Alan Turing sculpture approved by Council

Alan Turing in his class photo at King's in 1931

King’s is very pleased to announce that Cambridge City Council has granted planning permission for the College to install a sculpture in commemoration of one of its most notable students and fellows – the mathematician, cryptographer and pioneer in computing, Alan Turing. Designed by the distinguished sculptor Sir Antony Gormley and to be funded by a donation, the sculpture will be an abstract figure made in corten steel blocks, designed to turn a warm rust colour over time. At some distance from the Chapel, it will nestle at a confluence of paths by the College library on the route used by University members and Cambridge residents to cross to The Backs. The College is developing further plans to encourage members of the public and young people to enjoy this major work of art and to reflect on the life of Alan Turing, the appalling treatment he faced as a result of his sexuality, and the role his work has played in shaping the modern world.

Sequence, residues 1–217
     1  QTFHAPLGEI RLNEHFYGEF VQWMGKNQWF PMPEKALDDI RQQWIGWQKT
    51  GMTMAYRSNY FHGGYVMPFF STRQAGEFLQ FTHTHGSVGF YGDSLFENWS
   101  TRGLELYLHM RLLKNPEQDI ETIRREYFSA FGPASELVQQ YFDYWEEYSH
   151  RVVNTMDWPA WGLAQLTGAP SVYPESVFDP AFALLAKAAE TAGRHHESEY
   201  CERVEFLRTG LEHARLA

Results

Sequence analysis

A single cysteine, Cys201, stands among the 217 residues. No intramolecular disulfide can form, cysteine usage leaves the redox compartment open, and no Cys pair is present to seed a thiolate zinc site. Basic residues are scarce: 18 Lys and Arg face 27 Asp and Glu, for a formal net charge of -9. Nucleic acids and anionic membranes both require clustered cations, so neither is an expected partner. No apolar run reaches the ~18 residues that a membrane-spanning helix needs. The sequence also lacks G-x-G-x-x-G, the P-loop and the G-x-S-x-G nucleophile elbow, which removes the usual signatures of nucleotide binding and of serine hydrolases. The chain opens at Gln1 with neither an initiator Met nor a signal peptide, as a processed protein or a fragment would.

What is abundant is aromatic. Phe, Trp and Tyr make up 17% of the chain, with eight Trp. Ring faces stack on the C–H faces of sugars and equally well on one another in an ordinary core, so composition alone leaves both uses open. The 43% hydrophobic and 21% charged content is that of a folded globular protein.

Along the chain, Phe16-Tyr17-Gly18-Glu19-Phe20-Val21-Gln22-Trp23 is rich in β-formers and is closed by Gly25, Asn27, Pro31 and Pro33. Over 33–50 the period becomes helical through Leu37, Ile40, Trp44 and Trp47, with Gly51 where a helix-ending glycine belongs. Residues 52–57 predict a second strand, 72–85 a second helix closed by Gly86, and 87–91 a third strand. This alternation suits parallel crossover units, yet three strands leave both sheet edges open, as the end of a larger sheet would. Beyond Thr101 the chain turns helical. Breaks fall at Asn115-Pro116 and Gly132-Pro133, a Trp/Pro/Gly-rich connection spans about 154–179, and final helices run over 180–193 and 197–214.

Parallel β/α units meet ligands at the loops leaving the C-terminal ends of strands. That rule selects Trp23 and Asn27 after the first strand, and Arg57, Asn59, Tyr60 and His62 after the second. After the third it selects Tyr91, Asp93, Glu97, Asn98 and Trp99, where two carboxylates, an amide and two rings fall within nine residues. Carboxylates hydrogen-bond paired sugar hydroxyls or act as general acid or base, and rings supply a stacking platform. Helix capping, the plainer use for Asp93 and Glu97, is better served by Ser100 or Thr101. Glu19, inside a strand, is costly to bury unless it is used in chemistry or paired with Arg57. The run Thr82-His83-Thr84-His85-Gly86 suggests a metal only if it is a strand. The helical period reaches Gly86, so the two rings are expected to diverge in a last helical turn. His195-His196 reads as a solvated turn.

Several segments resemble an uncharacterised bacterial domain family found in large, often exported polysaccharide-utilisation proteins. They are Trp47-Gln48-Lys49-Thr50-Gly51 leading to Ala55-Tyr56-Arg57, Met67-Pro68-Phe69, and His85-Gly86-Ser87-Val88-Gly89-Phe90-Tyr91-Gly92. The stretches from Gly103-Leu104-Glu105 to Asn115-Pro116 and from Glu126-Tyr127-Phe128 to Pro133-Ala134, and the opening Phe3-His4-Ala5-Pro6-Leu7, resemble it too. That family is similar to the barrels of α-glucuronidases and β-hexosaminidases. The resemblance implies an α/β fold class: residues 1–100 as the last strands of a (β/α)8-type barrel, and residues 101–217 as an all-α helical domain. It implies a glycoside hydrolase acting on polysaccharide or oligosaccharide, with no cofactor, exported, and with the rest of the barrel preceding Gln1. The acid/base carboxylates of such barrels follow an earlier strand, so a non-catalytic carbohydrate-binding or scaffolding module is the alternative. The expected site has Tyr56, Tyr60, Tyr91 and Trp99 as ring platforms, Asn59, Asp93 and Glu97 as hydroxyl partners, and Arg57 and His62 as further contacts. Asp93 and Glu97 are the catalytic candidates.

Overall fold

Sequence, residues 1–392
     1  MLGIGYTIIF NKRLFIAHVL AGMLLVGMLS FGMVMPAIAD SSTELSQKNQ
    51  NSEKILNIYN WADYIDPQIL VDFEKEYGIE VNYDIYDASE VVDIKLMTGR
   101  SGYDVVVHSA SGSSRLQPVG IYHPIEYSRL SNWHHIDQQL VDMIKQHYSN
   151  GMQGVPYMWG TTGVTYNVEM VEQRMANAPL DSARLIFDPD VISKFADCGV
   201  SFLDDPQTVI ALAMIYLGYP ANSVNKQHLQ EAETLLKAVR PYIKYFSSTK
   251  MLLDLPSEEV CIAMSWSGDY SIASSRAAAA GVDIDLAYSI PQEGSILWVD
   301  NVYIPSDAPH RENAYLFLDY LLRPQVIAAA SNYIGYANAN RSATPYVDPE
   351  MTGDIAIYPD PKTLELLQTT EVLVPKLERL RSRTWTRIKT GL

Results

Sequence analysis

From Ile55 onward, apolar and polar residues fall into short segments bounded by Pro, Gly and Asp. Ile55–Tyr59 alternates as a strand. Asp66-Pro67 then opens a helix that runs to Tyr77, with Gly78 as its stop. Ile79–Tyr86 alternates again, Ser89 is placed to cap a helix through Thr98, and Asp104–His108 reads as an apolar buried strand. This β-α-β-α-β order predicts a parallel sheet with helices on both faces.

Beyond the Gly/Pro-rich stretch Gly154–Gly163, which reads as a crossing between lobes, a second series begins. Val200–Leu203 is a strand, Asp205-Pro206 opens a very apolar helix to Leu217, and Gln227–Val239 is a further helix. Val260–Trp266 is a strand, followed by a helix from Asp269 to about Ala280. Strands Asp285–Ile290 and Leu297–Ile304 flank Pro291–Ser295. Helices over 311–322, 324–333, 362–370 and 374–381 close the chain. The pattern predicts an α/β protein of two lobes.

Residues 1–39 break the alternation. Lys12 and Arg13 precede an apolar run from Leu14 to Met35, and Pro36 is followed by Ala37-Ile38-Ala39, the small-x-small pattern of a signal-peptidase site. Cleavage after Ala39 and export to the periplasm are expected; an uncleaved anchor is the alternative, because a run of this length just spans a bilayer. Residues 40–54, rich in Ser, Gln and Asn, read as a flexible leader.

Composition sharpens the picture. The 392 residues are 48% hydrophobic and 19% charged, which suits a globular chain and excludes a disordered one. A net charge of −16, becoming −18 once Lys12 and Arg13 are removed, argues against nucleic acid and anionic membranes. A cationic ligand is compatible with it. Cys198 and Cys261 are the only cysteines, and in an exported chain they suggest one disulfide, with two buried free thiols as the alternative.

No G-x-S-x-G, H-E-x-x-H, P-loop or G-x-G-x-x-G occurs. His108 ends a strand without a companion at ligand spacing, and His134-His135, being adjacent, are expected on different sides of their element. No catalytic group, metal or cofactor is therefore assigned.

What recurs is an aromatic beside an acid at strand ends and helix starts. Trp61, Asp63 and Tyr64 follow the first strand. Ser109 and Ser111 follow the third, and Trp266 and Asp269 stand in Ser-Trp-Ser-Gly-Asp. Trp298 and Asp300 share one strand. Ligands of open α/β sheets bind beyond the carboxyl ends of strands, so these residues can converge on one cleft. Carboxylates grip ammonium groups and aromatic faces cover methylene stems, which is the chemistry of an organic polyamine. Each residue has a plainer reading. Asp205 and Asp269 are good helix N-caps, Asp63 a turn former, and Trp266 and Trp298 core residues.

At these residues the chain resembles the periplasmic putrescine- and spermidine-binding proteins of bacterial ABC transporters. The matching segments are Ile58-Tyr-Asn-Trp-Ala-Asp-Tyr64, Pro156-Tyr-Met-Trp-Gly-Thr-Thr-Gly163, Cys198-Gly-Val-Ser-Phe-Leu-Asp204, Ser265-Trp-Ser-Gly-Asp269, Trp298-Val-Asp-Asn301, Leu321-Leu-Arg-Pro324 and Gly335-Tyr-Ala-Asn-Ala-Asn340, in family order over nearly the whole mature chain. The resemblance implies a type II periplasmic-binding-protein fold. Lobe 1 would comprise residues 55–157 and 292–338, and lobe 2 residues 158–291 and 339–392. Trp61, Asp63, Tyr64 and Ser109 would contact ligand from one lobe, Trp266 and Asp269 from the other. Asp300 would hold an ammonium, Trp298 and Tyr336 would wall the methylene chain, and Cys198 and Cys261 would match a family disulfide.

Provost of King’s, Professor Michael Proctor, commented:

From the papers he published at Cambridge which are now recognised as the foundation of computer science, through his vital code-breaking work at Bletchley Park during the Second World War which is credited with the saving of countless lives, to his exploration of the idea of artificial intelligence, the importance of Alan Turing and his impact on our world are hard to overestimate. It was in the College’s tolerant, open-minded and intellectual environment that Turing was able to live a fulfilled life both as a homosexual man and an abstract thinker, and we are enormously proud to acknowledge the significance of his unparalleled contribution to science and modern computing in this way. We hope the sculpture will be a great source of interest and pleasure to many.


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